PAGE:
But irresponsible spending can damage budgets and hinder the other person’s financial situation.

When one spouse overspends, the other might need to work harder to pay bills on time and grow their savings.

Not sharing savings goals

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When couples don’t have the same savings goals, they can’t work toward them effectively. One person may not care about saving at all. When an emergency occurs, the burden will fall on the person with the savings.

Don’t forget about other savings goals too, like a down payment on a home and starting college funds for children.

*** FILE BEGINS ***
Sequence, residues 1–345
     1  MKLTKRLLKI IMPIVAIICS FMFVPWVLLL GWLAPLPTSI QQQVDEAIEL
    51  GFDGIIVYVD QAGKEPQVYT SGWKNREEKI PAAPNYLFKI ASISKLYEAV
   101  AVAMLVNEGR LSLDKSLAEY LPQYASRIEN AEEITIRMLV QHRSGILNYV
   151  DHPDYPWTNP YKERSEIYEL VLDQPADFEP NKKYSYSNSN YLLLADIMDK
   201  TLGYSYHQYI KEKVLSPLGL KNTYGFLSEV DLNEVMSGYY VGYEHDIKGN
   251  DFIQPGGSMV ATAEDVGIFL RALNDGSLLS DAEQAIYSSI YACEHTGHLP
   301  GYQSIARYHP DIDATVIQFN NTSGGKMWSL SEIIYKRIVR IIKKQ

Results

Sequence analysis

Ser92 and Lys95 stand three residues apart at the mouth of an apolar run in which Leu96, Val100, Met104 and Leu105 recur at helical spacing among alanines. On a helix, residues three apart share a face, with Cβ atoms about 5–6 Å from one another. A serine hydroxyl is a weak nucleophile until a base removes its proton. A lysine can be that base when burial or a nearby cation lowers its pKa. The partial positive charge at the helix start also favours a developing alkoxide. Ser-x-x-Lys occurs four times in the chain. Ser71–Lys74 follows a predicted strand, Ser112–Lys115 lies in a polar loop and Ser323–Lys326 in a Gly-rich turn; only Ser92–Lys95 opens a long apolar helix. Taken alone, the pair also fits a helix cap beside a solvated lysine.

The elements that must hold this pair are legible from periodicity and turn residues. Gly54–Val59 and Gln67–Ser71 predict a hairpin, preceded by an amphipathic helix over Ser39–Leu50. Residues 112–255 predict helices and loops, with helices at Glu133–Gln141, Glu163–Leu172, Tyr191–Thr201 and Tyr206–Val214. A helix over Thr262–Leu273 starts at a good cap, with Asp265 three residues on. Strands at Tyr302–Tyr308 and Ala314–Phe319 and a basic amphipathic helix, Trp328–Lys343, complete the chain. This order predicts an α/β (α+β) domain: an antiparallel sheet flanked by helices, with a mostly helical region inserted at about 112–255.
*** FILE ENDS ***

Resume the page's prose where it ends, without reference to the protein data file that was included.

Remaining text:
When you find out what your partner’s savings goals are, you can compromise and work toward meeting them together.

Not having a savings account

oreans/Adobe couple in depression due to taxes sitting at table with pennies

Some potential partners might see not having a savings account as a red flag. It could show them you don’t have any savings goals and probably live paycheck to paycheck.

Partners may feel you’ll have trouble paying your share of the bills or won’t contribute to larger purchases in the future, like a home or household repairs.

Pro tip: Be sure to research the best savings accounts before opening one.

Not having any investments

Rido/Adobe couple sitting at table in discussion with male financial advisor

Not all people care whether or not their partners have investments, but some do. Making wise investments shows potential partners you have the excellent financial knowledge and have taken steps to secure your financial future.